Please report citation or reference errors to , or , if you are the registered author of the cited work, log in to your RePEc Author Service profile, click on "citations" and make appropriate adjustments.:

    in new window

    1. Nolan, Brian & Salverda, Wiemer & Checchi, Daniele & Marx, Ive & McKnight, Abigail & Toth, Istvan Gy (ed.), 2014. "Changing Inequalities and Societal Impacts in Rich Countries: Thirty Countries' Experiences," OUP Catalogue, Oxford University Press, number 9780199687428.
    2. Thomas Piketty & Emmanuel Saez, 2003. "Income Inequality in the United States, 1913–1998," The Quarterly Journal of Economics, Oxford University Press, vol. 118(1), pages 1-41.
    3. Robert Andersen & Anthony Heath, 2003. "Social identities and political cleavages: the role of political context," Journal of the Royal Statistical Society Series A, Royal Statistical Society, vol. 166(3), pages 301-327.
    4. DAVIES, JAMES B & Shorrocks, Anthony & Sandstrom, Susanna & WOLFF, EDWARD N, 2007. "The World Distribution of Household Wealth," Center for Global, International and Regional Studies, Working Paper Series qt3jv048hx, Center for Global, International and Regional Studies, UC Santa Cruz.
    5. Frederick Solt, 2009. "Standardizing the World Income Inequality Database," LIS Working papers 496, LIS Cross-National Data Center in Luxembourg.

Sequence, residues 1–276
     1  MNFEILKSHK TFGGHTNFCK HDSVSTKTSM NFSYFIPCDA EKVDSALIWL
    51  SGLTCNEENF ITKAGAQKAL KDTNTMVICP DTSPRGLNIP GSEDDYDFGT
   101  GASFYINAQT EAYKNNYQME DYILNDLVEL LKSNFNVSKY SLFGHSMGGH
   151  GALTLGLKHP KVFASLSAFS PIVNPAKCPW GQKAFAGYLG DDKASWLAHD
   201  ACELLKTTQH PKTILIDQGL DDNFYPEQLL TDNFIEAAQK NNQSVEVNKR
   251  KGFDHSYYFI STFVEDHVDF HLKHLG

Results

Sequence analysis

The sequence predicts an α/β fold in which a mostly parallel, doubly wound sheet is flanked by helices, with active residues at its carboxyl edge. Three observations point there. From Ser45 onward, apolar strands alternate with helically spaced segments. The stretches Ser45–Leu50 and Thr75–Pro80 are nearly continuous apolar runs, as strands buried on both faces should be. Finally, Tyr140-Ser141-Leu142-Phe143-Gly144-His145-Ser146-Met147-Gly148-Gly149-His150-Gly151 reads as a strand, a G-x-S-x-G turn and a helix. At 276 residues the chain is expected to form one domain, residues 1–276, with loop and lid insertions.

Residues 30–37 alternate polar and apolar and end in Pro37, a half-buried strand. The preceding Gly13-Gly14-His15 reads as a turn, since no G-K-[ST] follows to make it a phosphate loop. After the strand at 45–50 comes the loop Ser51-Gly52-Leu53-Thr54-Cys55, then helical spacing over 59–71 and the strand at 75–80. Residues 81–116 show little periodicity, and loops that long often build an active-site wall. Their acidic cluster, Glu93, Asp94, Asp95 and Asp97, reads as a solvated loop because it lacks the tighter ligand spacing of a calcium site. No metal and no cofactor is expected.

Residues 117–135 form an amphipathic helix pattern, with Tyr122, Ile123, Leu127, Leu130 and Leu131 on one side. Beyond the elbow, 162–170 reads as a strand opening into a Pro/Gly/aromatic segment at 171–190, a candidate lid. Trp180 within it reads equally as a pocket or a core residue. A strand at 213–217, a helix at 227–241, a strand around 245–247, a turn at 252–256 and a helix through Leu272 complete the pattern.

6. Geoffrey Evans & Anthony Heath, 1995. "The measurement of left-right and libertarian-authoritarian values: A comparison of balanced and unbalanced scales," Quality & Quantity: International Journal of Methodology, Springer, vol. 29(2), pages 191-206, May.
    7. repec:cup:apsrev:v:88:y:1994:i:02:p:336-354_09 is not listed on IDEAS
    8. Frederick Solt, 2009. "Standardizing the World Income Inequality Database," Social Science Quarterly, Southwestern Social Science Association, vol. 90(2), pages 231-242.
    9. Heath, Anthony & Evans, Geoffrey & Martin, Jean, 1994. "The Measurement of Core Beliefs and Values: The Development of Balanced Socialist/Laissez Faire and Libertarian/Authoritarian Scales," British Journal of Political Science, Cambridge University Press, vol. 24(01), pages 115-132, January.